Except for the awesome scenery, part three of Michael Winterbottom's culinary travelogue with the often funny duo of Steve Coogan and Rob Brydon, is tedious.

Ever traveled to a beloved city or country multiple times and noticed how the magic dissipates as the novelty wears? Well, my weary travelers, that in a nutshell is “The Trip to Spain,” the third of Michael Winterbottom’s “Trip” triptych about actors Steve Coogan and Rob Brydon playing exaggerated versions of themselves while on a culinary tour through some of the most beautiful European locations imaginable.

What was once fresh and tasty is now stale and largely flavorless, a going-through- the-motions exercise in what can only be described as a money grab. What little fun remains rests largely in the charm of our two self-deprecating traveling companions. Their appeal cannot be overstated. But like a house guest who overstays his welcome,  animosity starts to set in before eventually festering. That’s when you can confidently say the franchise has finally jumped the shark au poivre.

That moment arrives roughly one hour into this butt-numbing 105-minute indulgence, when the duo’s non-stop – but still funny – voice impersonations of the likes of Roger Moore, Michael Caine, Mick Jagger, Anthony Hopkins, John Hurt, et al., yield to a considerably more melancholy mood, as the boys start to reflect on their age (both are in their 50s) and missed opportunities.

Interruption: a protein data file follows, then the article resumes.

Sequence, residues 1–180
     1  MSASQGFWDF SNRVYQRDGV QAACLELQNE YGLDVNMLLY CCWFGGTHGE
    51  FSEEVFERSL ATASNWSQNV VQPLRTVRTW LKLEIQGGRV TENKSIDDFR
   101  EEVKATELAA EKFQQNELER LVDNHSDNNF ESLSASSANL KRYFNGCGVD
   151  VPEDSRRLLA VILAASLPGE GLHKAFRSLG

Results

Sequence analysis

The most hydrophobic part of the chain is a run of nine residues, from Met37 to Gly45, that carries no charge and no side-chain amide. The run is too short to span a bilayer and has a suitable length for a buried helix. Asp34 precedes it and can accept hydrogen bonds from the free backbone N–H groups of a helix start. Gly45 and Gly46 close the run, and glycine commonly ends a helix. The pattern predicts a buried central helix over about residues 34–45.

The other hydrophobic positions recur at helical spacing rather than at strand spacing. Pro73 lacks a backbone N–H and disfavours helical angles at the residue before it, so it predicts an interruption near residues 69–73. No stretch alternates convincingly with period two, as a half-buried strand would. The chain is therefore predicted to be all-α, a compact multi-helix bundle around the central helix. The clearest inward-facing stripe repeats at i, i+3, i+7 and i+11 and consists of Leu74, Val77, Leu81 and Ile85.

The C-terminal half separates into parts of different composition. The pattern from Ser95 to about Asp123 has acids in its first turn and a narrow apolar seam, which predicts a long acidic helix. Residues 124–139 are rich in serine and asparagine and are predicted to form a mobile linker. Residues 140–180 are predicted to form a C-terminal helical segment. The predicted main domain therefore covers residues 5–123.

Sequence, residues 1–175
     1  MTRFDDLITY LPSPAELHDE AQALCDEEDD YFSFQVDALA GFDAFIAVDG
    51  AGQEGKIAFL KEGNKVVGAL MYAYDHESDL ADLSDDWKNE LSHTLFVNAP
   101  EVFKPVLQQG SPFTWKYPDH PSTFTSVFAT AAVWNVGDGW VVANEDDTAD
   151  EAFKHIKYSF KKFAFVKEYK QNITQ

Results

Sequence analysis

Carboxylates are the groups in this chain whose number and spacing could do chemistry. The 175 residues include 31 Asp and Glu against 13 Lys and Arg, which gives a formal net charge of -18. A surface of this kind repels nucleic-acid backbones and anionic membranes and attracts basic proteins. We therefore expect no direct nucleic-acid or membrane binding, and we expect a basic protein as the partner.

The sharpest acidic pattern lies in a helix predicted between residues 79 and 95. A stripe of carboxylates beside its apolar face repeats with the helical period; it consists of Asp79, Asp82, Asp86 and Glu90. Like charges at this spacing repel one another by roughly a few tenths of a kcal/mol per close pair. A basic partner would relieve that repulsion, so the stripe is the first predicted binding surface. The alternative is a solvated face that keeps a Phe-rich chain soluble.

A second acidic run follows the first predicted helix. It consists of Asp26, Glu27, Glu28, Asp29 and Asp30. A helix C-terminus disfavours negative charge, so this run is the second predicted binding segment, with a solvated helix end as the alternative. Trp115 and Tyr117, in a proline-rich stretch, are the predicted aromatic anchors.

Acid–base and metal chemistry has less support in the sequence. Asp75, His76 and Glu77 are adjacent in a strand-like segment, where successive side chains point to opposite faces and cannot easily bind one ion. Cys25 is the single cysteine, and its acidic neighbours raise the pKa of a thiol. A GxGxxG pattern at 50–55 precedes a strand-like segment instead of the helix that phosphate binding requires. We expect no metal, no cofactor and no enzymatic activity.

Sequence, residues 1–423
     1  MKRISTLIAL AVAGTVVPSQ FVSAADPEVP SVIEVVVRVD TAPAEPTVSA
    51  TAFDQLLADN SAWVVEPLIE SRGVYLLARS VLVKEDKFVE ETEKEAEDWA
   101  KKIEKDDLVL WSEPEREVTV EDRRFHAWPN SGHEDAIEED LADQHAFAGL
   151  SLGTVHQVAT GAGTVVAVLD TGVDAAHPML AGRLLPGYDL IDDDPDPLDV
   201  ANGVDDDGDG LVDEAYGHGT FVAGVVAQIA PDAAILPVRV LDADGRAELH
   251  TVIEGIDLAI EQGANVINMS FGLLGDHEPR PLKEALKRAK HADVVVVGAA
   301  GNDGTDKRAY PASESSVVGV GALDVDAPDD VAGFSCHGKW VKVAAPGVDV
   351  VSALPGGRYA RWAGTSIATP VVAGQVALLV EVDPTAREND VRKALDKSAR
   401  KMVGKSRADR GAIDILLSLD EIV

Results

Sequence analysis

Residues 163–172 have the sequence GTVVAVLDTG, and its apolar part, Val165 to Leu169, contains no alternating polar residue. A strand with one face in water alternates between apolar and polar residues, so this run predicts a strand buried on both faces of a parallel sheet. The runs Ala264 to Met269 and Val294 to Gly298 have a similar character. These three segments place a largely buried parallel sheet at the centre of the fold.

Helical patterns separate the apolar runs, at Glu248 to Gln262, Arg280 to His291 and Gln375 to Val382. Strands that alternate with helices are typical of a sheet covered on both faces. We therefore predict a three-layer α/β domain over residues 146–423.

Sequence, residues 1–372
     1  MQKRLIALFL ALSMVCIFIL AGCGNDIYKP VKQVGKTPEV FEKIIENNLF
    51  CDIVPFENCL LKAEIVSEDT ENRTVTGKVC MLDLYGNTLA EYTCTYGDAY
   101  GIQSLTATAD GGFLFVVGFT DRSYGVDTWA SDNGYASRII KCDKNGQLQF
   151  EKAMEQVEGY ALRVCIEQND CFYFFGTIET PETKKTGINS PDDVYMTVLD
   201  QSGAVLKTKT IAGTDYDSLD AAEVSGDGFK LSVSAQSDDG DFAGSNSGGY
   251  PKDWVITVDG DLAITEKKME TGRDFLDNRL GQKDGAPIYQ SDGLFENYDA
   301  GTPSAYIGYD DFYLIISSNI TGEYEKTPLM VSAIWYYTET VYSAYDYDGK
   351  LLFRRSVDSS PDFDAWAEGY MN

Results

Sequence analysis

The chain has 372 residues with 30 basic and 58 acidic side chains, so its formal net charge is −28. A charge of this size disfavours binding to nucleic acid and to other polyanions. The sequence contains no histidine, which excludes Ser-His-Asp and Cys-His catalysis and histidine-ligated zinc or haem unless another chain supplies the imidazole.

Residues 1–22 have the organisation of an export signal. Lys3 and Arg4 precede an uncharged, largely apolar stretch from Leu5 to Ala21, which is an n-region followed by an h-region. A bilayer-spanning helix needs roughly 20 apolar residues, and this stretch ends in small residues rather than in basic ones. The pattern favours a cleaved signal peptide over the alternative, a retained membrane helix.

It’s a drag. And it only gets worse when Coogan’s on-screen son telephones with shocking news that will greatly alter both their lives. Coogan’s elan wanes further when his half-his- age girlfriend delivers even worse news – and that’s before ISIS shows up. By then, the only test “The Trip to Spain” passes is the one on your patience. For the first time in all those hours spent with Coogan and Brydon traversing the North of England in “The Trip” and the west coast of the Boot in “The Trip to Italy,” I was finally spent and ready to head home.

And I probably would have if not for the awe-inspiring scenery, most of it shot along the gorgeous Spanish coast by the keen-eyed James Clarke. With its unique blend of mountains and sea, Spain is easily one of the most beautiful countries in the world. And the architecture . . . . don’t even get me started. It’s a place to die for, from San Sebastian to Cuenca to the movie’s show-stopper, Malega.

In between we learn much about the Moors and their cultural influence through Coogan, per usual, fighting to be heard over Brydon bombastically impersonating another Moore, this one Roger, talking about his brother, Les, because as we all know, Les is Moore. If that strikes you as funny, you’ll like “The Trip to Spain” far better than I. No one, though, is going to break more than a pained grin when the pair dress up as Don Quixote and Sancho Panza in the legendary pair’s hometown of Almagro, where our Anglo visitors make a regrettable aside about tilting at turbines (which dot the landscape) instead of windmills.

No doubt, these bits are cringe-worthy, but they’re preferable to the sappy third act when egos take a beating and Brydon has his usual epiphany about how much he misses his family back in London. What’s funny, speaking of egos, is Coogan, who never wastes a chance to boast – Trump-like – about his two Oscar nominations for writing and producing the lovely “Philomena,” a 2014 film that also earned him an audience with the pontiff. But even His Holiness becomes fodder for cheap gags. Is nothing sacred? Is the pope Catholic?

More to the point, is this dodgy movie worth visiting? Only if you’re bored and have nowhere else to go.

THE TRIP TO SPAIN (Not rated.) Cast includes Steve Coogan, Rob Brydon and Claire Keelan. Grade: B-